As a rule, " the Sixth Amendment guarantees a criminal defendant the fundamental right to be informed of the nature and cause of the charges made against him so as to permit adequate preparation of a defense." Gautt v. Lewis, 489 F.3d 993, 1002 (9th Cir. 2007); see also Cole v. Arkansas, 333 U.S. 196, 201, 68 S.Ct. 514, 92 L.Ed. 644 (1948). " When determining whether a defendant has received fair notice of the charges against him, " a federal habeas court " begin[s] by analyzing the content of the information." Gautt, 489 F.3d at 1003 (citing Cole, 333 U.S. at 198). Although the information " need not contain a citation to the specific statute at issue, " it " must in some appreciable way apprise the defendant of the charges against him so that he may prepare a defense accordingly." Gautt, 489 F.3d at 1004. Where a petitioner claims that his rights were violated by a late amendment of the charges, he must show not only an error in amending the charges, but also prejudice under Brecht. See Gautt, 489 F.3d at 1016; Brecht, 507 U.S. at 623.

Here, Petitioner's claim fails for two reasons:

o Fair Notice: First, the original information charging Petitioner with first-degree murder adequately apprised Petitioner that he could be convicted either as a principal or as an aider and abettor. See Carothers v. Rhay, 594 F.2d 225, 229 (9th Cir. 1979); see also Lopez v. Smith, 135 S.Ct. 1, 3, 190 L.Ed.2d 1 (2014) (per curiam). " [I]n California the definition of a principal has historically included those who aid and abet . . . and notice as a principal is sufficient to support a conviction as an aider or abettor." People v. Garrison, 47 Cal.3d 746, 776 n.12, 254 Cal.Rptr. 257, 765 P.2d 419 (1989). Thus, the prosecutor's early focus on a lone-shooter theory did not render inadequate Petitioner's notice of potential aider-and-abettor liability. See Lopez, 135 S.Ct. at 4.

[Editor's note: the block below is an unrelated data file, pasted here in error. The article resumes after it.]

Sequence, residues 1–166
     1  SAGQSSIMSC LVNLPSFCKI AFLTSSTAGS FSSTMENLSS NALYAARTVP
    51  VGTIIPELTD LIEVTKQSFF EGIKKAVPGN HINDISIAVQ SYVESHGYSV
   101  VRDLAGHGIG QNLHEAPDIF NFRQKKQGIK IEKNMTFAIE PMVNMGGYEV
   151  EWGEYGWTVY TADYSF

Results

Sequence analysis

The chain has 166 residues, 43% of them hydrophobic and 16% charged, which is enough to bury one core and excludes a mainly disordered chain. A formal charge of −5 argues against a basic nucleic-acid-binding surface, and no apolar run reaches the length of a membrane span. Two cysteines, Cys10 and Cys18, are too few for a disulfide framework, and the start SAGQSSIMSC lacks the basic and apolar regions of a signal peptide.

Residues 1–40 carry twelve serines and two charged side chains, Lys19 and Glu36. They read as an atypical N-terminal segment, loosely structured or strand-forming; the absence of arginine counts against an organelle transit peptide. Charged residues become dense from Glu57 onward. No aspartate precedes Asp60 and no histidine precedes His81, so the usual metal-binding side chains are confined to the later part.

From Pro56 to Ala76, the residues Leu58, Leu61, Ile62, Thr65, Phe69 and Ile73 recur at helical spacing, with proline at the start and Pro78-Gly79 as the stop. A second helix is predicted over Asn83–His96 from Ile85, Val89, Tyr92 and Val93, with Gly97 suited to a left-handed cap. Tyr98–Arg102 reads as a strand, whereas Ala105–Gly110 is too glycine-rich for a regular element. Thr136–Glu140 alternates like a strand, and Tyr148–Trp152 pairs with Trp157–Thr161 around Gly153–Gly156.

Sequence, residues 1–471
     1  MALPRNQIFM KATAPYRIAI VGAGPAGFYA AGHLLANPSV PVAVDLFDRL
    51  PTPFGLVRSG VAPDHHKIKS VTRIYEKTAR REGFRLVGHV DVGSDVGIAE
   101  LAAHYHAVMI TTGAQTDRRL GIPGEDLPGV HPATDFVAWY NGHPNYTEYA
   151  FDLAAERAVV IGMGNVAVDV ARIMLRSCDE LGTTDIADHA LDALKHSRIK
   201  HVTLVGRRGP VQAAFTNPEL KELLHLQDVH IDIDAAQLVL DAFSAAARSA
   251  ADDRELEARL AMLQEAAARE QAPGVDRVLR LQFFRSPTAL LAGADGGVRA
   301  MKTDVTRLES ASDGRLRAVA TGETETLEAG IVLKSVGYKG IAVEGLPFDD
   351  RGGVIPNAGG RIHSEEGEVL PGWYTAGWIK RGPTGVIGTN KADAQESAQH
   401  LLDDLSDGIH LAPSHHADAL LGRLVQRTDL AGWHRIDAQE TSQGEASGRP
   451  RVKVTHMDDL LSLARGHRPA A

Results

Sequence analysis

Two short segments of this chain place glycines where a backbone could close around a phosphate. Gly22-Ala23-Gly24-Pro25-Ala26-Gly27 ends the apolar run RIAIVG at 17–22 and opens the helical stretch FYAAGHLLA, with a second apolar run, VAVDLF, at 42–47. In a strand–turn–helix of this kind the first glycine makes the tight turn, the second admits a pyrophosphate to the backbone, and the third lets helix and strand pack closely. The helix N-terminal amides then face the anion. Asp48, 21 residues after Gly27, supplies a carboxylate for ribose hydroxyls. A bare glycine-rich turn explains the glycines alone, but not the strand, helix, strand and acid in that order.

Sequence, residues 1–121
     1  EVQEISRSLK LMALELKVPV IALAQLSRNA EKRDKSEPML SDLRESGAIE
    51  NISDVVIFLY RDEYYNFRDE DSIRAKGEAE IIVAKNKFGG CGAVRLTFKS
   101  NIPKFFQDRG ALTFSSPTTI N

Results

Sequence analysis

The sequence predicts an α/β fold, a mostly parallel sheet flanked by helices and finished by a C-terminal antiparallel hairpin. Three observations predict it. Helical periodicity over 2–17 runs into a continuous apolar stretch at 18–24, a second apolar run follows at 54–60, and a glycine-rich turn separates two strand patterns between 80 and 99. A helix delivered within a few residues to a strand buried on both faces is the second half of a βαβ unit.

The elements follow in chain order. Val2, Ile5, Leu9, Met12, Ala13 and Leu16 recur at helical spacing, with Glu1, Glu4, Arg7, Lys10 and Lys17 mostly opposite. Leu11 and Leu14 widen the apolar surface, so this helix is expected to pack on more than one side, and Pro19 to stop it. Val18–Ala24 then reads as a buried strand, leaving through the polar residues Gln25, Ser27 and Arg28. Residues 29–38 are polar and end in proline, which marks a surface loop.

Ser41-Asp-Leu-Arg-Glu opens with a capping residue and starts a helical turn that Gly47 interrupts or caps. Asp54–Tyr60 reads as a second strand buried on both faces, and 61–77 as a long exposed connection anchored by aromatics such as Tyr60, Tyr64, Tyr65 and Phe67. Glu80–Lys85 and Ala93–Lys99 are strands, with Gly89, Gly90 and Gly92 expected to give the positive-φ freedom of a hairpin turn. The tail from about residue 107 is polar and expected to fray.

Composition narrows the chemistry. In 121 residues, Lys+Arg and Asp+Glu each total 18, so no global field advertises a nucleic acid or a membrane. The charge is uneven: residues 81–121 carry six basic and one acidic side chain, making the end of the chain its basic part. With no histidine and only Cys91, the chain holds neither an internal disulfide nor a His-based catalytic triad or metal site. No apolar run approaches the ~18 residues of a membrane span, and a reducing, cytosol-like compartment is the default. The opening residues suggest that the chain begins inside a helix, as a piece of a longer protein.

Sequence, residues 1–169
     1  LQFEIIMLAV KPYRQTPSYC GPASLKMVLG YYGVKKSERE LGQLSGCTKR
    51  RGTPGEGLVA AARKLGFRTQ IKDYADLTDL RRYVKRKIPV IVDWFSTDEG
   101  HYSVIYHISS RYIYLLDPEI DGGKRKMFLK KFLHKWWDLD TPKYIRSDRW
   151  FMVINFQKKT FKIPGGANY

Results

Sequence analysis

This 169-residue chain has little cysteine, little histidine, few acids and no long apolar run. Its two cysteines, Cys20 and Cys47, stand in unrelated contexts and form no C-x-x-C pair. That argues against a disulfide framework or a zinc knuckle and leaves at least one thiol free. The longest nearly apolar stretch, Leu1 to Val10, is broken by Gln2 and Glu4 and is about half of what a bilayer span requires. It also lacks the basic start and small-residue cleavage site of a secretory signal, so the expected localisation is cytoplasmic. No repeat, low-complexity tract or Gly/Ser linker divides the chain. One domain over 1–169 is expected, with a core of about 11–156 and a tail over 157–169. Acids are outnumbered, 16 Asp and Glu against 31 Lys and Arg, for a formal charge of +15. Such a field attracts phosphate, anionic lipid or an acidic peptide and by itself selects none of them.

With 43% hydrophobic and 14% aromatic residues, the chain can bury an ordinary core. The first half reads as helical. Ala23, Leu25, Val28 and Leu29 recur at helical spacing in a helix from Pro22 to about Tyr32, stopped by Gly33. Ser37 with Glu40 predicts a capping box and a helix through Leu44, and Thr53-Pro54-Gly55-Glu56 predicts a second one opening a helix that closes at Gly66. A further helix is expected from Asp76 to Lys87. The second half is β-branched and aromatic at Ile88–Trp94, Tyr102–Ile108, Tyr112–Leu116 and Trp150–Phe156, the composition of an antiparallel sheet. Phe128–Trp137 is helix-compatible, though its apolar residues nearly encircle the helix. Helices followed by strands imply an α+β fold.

o No Prejudice: Second, Petitioner has made no showing of prejudice. See Brecht, 507 U.S. at 637-38. Petitioner's long-held defense was that he was not present at the shooting. ( See Ex. A at 18.) That defense applied just as forcefully against an aiding-and-abetting theory of culpability as against a principle-offender theory. ( See id.) Nor has Petitioner identified any additional arguments or facts that, given earlier notice, he could have presented as a defense to the principal firearm enhancement allegations. Consequently, this Court cannot find that the information's amendment had a " substantial and injurious effect" on Petitioner's verdict. See Brecht, 507 U.S. at 637-38.

Accordingly, for the above reasons, Petitioner's third and final claim does not merit federal habeas relief.



In accordance with the foregoing, IT IS RECOMMENDED that the Court issue an Order: (1) approving and accepting this Report and Recommendation; (2) directing that Judgment be entered dismissing this action with prejudice; and (3) denying a certificate of appealability. See 28 U.S.C. § 2253; Fed. R. App. P. 22(b); Slack v. McDaniel, 529 U.S. 473, 484-85, 120 S.Ct. 1595, 146 L.Ed.2d 542 (2000).


IT IS ADJUDGED that the above-captioned action is DISMISSED WITH PREJUDICE for the reasons set forth in the Magistrate Judge's Report and Recommendation.